It’s already the latter half of January and soon cattle producers are planning on their animals grazing on pasture. If the weather pattern holds, it won’t be long before wheat breaks dormancy and spring growth begins. While wheat pasture this past fall wasn’t horrible, it also wasn’t as productive in many fields as hoped due to cool temperatures, relatively little precipitation and in some cases later than optimum planting. This means in many cases the desired forage production for grazing, in terms of quantity and duration, will be difficult to achieve due to a lack of tillering and plant development. The lack of tillers can’t be changed but moisture and mild conditions could aid production.
Another potential concern is forage production of cool season grass pastures. Pastures are still recovering from the drought and many were over grazed. There is definite concern over the lack of grazing opportunities as of today. For producers needing pasture there are some potential solutions to help bridge the forage gap until summer. However, these are also at the mercy of weather.
• Oats – Oats can provide good to excellent pasture in April and through much of May if the weather cooperates. Oats do well during cool weather and can typically be planted in this area in late February through March. Naturally the earlier the crop is planted, the sooner grazing can begin. Production doesn’t require huge amounts of nitrogen fertilizer and oats are relatively cheap. Local seed dealers, not necessarily the big seed companies, have several varieties available that do well here. And in a pinch, clean bin run oats will work. Keep in mind oats don’t like acid soils or certain herbicides like atrazine so care should be taken in field selection. With their low test weight the minimum planting rate is two bushels per acre and for forage three is better under adequate moisture. Cattle are placed on oat pasture when the plants are well-rooted and four to six inches tall. Length of grazing depends on the weather and stocking rate. Oats also produce good hay for cattle and horses when harvested at the early milk stage but a nitrate test is recommended.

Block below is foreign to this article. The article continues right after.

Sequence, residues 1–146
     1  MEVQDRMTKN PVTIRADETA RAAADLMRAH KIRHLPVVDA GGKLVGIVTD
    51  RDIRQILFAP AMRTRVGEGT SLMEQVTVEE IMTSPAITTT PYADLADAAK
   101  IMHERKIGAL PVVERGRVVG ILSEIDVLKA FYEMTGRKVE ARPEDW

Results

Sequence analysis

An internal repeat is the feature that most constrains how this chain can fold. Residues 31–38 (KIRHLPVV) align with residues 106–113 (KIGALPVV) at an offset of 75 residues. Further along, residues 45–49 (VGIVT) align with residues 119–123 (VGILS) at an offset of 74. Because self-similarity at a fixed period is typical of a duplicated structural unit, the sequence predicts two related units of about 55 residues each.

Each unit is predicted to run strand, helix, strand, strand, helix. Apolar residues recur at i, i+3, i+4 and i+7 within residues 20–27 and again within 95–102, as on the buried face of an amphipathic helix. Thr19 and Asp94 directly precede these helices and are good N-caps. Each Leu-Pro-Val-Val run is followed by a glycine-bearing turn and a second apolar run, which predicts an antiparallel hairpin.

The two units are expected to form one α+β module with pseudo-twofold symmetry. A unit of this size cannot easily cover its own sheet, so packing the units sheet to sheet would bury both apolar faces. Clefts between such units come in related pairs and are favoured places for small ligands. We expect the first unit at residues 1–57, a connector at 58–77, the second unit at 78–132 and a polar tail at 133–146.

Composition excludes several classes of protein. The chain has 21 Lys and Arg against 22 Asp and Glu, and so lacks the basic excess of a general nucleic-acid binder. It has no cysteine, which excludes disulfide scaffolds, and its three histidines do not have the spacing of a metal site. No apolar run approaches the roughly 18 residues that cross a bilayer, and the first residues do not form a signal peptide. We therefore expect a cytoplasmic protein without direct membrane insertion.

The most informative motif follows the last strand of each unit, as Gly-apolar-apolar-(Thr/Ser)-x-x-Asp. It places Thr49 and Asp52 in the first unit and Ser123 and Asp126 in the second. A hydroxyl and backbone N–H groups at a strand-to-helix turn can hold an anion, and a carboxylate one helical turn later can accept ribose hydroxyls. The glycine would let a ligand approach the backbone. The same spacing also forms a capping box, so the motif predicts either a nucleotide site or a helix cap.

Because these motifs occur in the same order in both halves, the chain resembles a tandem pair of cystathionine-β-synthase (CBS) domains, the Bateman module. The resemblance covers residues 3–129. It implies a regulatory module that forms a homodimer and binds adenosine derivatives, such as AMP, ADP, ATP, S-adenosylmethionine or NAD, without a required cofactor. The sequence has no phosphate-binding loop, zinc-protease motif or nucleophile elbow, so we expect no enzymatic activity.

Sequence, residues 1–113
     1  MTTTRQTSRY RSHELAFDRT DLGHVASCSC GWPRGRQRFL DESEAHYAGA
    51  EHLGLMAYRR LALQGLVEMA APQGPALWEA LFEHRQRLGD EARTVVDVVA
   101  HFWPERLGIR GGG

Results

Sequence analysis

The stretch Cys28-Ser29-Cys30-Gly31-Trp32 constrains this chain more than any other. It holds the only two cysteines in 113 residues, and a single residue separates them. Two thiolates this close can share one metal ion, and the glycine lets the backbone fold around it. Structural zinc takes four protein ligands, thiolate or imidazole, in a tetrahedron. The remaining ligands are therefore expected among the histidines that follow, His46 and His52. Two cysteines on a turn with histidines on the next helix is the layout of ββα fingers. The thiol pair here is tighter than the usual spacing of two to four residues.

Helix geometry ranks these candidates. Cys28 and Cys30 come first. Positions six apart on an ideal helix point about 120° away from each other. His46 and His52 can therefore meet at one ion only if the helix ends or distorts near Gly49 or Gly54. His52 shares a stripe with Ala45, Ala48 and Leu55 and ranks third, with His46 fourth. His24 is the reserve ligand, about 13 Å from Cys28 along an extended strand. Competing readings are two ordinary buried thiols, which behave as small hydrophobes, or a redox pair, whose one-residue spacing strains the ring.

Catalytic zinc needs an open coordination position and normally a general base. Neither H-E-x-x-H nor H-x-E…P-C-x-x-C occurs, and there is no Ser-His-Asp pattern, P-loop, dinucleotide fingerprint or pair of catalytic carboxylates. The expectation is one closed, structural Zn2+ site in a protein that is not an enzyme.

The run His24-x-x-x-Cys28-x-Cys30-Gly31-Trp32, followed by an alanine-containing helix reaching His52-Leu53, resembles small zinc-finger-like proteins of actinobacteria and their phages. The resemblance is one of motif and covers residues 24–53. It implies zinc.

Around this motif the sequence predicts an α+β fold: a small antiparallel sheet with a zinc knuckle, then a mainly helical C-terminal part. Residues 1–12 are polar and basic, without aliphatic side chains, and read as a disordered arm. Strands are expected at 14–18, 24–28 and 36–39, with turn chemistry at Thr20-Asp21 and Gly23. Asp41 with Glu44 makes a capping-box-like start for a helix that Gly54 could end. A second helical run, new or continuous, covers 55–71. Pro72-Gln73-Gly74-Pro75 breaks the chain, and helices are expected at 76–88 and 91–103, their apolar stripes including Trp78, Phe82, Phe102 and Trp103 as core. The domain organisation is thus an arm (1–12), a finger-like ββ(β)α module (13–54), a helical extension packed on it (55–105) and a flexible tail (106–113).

• Winter wheat or triticale – This may sound a little crazy but it can work. Remember, you aren’t concerned with grain production. These would be planted a bit later than oats unless weather is favorable. Without vernalization, exposure to an extended period of cold, they won’t head out and remain in a vegetative growth stage. In fact, work at the South Central Experiment Field southwest of Hutchinson demonstrated growth that essentially mirrored a typical lawn in appearance and growth. Again two bushel per acres is necessary and if conditions permit, three bushels would be better. If weather stays moderate, grazing can start in mid to late April and last into June.
• One caveat – It is against the label to graze treated seed and while it generally won’t cause great harm, it does negatively affect animal health and performance.
This is only a sketch of what can be done so if there are questions, please contact me at email@example.com or 620-792-9207.
Dr. Victor L. Martin is the agriculture instructor/coordinator for Barton Community College. He can be reached at 620-792-9207, ext. 207.